Free 30 Second Diagnosis
book physiotherapy liverpool appointment


Rehab exercises: Treating the underlying cause of your injury & pain!

Why you should treat the underlying cause of your pain

So we’ve discussed what we do with you when you come into clinic and why, we’ve also talked about why we send you away with those pesky stretches to do; now we want to touch upon the reason behind all those weird and wonderful exercises we give you.

By now you should have an understanding that here at City Rehab, we first and foremost aim to reduce your symptoms, increase your mobility and generally make you much more comfortable by settling your injury down.  However, if that was all we were to do then over time it is highly likely that the same injury would return, frustrating us but more importantly you! 

Why it's important to treat your injury from the outset

If the cause of your injury isn’t treated from the outset then chances are your pain will return and you’ll be forced to take more time away from your sport or activity, reduce or stop training and seek more sports rehabilitation or physiotherapy which ends up costing you more! As Sports Rehabilitation specialists, we pride ourselves on treating the underlying cause of your pain, not just your symptoms. We aim to do this by educating you and your body about your injury and this is where the emphasis on complying with your exercise programme is essential.

Manual therapy plays a key role in improving the symptoms of your injury

As we’ve discussed in previous blogs, manual therapy plays a key role in improving the symptoms of your injury and stretching helps to maintain those benefits, so where do the exercises come in?  It is with the performance of the exercises that the root cause of your injury is tackled, not only do we want to reduce your pain but we want to make sure that we minimise the risk of it returning.  You may have heard us use the phrase “loosen what’s tight and strengthen what’s weak”, this is the basic principle for most musculoskeletal injuries as it’ll be the tight /overactive structures that will pull your body out of position while the weak /underactive structures will allow this to happen. If we combine both problems the result is poor joint or limb movement and pain! The corrective exercises allow us to re-educate the body by breaking bad habits and laying down new ones, thus creating improved, more efficient movement patterns.  If we can correct the biomechanical fault that lead to your injury then we can ensure that you won’t suffer with the same issue again.

A simple example of this imbalance (see the diagram below) is someone with lower back pain which is caused by overactive quads (thigh muscles) and lower back muscles and underactive abdominals and glutes. This causes what we call an anterior pelvic tilt and a Lordosis posture, where your lower back is arched excessively. In this case the Lumbar vertebrae facet joints are forcibly compressed which results in pain.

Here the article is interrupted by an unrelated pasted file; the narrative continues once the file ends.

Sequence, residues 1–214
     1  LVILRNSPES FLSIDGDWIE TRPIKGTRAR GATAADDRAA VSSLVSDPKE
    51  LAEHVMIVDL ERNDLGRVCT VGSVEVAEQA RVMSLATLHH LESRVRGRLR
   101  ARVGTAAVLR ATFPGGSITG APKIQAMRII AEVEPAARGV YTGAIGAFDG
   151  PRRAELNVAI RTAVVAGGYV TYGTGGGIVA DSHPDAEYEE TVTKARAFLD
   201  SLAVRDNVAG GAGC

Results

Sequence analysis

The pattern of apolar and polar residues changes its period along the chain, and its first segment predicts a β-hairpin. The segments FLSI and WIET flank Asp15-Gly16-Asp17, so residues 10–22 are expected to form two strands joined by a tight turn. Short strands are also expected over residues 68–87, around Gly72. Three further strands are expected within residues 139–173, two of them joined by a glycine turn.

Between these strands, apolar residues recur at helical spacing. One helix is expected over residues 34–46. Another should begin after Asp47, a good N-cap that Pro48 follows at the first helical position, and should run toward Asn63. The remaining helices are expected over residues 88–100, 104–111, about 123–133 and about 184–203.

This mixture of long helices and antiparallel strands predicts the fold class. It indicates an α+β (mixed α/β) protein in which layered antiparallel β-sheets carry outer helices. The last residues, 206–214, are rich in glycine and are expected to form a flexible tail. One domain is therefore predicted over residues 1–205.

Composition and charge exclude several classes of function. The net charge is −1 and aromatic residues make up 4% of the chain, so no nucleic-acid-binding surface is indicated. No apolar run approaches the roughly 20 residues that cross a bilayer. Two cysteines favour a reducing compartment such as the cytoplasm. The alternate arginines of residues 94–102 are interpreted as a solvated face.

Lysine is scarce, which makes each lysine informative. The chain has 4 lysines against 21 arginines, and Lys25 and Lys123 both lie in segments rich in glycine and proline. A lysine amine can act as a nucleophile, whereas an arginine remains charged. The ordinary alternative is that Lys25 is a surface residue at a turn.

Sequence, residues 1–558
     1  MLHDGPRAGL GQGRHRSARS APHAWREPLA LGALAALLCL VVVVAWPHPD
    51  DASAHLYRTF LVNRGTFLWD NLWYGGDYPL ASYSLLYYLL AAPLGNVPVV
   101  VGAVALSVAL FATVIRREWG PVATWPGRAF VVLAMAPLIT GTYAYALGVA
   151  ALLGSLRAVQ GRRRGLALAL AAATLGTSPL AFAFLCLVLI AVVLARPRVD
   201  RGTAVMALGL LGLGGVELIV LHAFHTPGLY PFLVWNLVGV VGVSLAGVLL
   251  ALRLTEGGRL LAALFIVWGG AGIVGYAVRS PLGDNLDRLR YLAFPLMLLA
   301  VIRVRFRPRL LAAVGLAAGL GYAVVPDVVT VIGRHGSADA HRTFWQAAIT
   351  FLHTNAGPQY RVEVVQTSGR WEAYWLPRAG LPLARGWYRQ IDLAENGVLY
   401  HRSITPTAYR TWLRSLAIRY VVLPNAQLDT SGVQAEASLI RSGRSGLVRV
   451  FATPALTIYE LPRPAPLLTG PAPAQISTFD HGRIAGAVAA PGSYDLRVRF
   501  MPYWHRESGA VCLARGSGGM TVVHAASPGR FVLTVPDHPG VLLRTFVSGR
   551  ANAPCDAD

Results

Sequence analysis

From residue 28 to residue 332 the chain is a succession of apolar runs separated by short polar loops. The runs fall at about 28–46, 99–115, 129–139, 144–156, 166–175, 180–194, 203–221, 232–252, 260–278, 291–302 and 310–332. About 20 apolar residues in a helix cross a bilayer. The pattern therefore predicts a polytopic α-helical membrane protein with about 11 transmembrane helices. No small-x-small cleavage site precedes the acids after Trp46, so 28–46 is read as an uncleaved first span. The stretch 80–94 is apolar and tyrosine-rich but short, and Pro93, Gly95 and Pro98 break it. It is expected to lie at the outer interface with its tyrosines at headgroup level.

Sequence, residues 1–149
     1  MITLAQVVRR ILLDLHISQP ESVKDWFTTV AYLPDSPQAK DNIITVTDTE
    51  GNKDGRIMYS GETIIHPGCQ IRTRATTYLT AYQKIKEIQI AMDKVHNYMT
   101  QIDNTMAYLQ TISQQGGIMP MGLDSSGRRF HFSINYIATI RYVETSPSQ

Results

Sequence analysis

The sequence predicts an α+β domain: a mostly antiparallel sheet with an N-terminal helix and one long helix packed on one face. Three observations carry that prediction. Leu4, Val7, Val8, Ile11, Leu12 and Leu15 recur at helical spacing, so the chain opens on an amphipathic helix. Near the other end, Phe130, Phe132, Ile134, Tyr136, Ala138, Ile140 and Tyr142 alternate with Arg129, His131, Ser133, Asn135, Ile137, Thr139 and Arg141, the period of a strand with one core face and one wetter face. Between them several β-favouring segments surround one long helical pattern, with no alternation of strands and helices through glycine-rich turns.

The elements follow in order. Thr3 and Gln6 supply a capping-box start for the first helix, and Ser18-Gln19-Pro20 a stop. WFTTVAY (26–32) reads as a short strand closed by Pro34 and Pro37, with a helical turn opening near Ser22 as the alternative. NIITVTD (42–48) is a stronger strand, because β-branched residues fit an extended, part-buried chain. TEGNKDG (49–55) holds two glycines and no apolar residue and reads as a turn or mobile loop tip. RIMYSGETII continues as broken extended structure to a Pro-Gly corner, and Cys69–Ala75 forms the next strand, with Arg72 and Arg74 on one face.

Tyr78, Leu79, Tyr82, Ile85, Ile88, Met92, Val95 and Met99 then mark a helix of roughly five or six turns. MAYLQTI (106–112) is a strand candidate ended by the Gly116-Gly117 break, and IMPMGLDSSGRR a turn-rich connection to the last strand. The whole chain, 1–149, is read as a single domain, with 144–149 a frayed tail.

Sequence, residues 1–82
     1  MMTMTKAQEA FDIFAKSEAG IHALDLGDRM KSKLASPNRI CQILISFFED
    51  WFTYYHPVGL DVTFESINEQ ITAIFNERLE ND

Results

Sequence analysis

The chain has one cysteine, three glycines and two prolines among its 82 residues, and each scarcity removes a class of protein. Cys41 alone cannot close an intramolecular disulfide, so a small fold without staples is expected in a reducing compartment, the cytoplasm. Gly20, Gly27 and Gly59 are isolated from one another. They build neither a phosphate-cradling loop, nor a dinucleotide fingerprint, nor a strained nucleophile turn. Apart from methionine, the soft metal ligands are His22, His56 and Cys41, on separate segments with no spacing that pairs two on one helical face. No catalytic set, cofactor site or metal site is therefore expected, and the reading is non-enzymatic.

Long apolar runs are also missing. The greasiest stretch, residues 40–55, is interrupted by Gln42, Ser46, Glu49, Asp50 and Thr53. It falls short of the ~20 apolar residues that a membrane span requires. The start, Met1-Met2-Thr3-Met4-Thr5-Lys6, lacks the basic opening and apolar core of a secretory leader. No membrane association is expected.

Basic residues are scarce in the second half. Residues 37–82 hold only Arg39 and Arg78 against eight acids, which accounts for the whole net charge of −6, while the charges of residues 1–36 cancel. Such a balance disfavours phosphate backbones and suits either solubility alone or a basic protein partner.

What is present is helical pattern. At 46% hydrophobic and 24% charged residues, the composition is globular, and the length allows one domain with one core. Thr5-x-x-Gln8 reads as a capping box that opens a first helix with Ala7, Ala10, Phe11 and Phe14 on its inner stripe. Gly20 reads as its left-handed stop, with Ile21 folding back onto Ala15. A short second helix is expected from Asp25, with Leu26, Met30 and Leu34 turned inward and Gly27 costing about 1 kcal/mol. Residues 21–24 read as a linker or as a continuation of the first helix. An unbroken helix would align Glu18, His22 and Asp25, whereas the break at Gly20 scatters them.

effect of pelvic tilt on lumbar curve

Now unfortunately there are no quick-fixes with injury rehabilitation; re-educating the body isn’t an overnight occurrence, it does take time and perseverance as well as some effort on your part. There is only so much we can do, we need your input too!  The more compliant you are with your home exercise programme, the faster things will start to resolve which means you’ll be in less pain, you’ll get back to activity sooner and of course the added bonus of spending less money to come and see us.  It is equally important to keep up with your rehabilitation even after your pain subsides, we all know how easily bad habits creep back in and if the brain and body are not constantly reminded to behave in the more competent manner in which you’ve taught them then it is possible that your injury will return.

We believe that an injury should be dealt with in full from the moment it occurred

Injury rehabilitation requires a combination of hands-on treatment, stretching and strengthening exercises in order to fully resolve the whole problem.  We believe that an injury should be dealt with in full, from the moment it occurred and reducing the acute symptoms, right through to getting you back to full activity, pain free of course, and without reoccurrence.  Most musculoskeletal injuries are as a result of some sort of biomechanical fault and /or muscle imbalance which can lead to overload of muscles, ligaments, joints and nerves and therefore leads to injury.  Corrective exercises allow us to minimise the risk of this happening by re-educating the body and restoring biomechanical equilibrium.  It is essential that the root cause of your injury is dealt with via these remedial exercises because without them the injury rehabilitation process will be missing a vital link.